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@TomKern mentioned the "standard" form above. I believe what he has in mind is ax+by=c, which allows for both horizontal and vertical lines.

Another form, rarely used, but more like the equations of conics, is:

$\frac{x}{a}+\frac{y}{b}=1$

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  • $\begingroup$ @ Sue -you have to include the point (α,β ) in your equation, otherwise we can easily use the general form ax +by+c =0 . $\endgroup$ Commented May 2, 2022 at 0:51
  • $\begingroup$ I did. I labeled it differently. The standard way we label a point in a conic is with (h,k). (Maybe it's different in other countries? $\endgroup$
    – Sue VanHattum
    Commented May 2, 2022 at 3:20
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    $\begingroup$ @ Jean Marie- both of the equations mentioned are not representing straight lines going through the given point. Here I'm talking about that particular case. $\endgroup$ Commented May 2, 2022 at 13:26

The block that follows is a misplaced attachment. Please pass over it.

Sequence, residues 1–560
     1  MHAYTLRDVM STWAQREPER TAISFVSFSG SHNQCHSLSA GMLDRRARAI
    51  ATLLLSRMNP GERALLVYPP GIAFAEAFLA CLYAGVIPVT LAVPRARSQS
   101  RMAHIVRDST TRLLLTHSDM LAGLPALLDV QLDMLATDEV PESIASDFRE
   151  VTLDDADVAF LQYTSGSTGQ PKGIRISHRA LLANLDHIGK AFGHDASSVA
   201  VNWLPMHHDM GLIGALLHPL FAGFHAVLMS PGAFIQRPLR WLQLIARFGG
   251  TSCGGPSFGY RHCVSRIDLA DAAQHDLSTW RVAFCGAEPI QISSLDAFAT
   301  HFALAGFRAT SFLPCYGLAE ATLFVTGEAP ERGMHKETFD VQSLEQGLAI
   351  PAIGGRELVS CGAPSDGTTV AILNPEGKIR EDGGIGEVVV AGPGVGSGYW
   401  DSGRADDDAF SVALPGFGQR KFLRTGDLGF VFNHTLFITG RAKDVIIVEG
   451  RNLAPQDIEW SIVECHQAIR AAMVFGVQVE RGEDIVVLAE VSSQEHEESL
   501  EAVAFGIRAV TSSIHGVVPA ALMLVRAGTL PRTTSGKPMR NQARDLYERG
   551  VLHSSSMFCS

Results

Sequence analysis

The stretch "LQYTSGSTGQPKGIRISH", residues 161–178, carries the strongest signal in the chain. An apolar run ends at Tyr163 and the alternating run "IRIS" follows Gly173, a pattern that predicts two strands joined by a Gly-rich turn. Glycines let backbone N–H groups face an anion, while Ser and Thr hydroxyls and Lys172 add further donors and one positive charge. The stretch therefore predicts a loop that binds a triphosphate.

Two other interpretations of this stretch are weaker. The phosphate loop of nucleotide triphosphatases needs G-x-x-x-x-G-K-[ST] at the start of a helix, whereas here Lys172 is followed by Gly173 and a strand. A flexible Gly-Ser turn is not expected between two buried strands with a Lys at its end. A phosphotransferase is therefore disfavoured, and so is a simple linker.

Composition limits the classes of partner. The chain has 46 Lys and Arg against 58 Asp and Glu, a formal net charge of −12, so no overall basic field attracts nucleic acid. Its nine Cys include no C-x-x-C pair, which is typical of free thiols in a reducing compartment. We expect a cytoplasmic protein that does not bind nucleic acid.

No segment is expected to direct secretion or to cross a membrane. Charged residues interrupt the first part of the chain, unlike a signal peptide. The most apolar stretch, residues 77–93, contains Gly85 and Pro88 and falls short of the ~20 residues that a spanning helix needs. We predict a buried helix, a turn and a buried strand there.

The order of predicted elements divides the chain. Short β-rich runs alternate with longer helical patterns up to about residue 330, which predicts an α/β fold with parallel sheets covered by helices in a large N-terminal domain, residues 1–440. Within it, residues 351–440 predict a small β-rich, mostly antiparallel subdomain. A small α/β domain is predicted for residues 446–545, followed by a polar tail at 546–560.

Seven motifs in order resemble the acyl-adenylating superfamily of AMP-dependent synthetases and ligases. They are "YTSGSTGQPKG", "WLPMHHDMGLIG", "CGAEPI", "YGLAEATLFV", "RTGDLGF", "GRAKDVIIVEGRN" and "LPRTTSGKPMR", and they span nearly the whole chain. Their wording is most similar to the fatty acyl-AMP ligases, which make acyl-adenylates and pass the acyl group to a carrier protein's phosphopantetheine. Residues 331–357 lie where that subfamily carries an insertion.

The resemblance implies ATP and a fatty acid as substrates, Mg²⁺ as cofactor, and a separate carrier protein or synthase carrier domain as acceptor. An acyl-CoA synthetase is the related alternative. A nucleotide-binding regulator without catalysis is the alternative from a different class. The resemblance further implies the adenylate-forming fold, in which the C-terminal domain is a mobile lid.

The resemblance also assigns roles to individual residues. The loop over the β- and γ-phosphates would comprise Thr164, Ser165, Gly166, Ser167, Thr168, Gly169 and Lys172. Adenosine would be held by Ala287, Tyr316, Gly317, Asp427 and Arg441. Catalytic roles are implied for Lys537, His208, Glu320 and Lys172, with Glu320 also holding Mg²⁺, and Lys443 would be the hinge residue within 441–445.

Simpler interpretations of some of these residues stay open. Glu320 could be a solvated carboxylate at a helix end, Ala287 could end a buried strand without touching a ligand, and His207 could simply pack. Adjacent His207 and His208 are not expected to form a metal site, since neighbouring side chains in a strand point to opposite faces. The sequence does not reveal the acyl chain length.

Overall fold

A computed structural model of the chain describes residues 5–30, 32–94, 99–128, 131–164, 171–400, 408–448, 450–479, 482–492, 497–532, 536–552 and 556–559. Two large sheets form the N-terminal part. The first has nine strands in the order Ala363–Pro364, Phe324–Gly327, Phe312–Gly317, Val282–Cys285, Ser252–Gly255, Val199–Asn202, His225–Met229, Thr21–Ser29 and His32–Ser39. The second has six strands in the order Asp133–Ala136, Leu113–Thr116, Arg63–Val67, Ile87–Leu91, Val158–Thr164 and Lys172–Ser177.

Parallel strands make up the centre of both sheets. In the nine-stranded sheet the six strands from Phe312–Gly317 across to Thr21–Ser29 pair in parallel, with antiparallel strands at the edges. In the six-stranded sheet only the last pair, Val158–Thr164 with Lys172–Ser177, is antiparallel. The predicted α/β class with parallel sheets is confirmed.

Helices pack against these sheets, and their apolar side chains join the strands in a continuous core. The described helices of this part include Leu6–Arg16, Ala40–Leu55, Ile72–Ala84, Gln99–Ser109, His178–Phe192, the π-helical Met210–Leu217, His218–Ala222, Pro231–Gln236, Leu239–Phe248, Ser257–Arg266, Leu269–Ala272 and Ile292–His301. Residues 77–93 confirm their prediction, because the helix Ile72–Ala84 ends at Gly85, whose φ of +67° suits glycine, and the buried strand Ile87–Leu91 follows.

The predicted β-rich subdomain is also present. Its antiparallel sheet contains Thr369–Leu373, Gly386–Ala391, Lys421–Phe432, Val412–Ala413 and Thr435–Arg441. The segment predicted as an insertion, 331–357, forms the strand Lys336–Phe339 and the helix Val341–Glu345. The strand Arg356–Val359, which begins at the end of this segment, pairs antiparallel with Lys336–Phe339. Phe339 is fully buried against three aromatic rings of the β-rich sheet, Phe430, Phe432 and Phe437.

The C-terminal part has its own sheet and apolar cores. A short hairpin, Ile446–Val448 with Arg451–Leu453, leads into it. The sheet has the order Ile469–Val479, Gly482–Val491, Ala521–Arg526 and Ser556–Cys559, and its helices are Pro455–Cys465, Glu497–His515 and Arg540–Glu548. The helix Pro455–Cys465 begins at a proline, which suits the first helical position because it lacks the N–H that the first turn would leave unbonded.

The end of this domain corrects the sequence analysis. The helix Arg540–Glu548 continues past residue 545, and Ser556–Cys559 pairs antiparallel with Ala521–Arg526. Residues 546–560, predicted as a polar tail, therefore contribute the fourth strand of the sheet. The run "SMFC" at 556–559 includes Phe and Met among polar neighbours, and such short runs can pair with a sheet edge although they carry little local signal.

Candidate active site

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    $\begingroup$ Thanks, @JeanMarieBecker. I'll fix that. $\endgroup$
    – Sue VanHattum
    Commented May 2, 2022 at 15:25
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    $\begingroup$ @JanakaRodrigo Let $b\rightarrow\infty$ and you get an equation of the vertical line $x=a$, and let $a\rightarrow\infty$ to get an equation of the horizontal line $y=b$. Sue, the "Another form" (intercept-intercept form?) is dimensionless/homogeneous, which can be nice in some situations (not enough to make it less rarely used, though). — Similarly, the "symmetric equation" $(x-x_0)/a=(y-y_0)/b$ is both dimensionless/homogeneous and can represent horizontal/vertical lines in the limit as $a$ or $b$ go to infinity. $a$ and $b$ may be thought of as the $x$ and $y$ velocities, respectively. $\endgroup$
    – user1815
    Commented May 3, 2022 at 5:25
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TL;DR

I try not to get overly hung up on notation, and prefer to teach some kind of principle. In this setting, the principle is one of geometric transformation using basic techniques. Many equations for lines result, including some of the standard guys, like

$$ ax + by + c = 0 \qquad\text{and}\qquad y = mx + b. $$

A student should be comfortable with any equation for a line, and should understand the limitations (e.g. $y=mx+b$ is great for seeing the $y$-intercept and slope, but can't describe vertical lines; $ax + by + c = 0$ is very general, but the underlying geometry is largely obfuscated; etc.).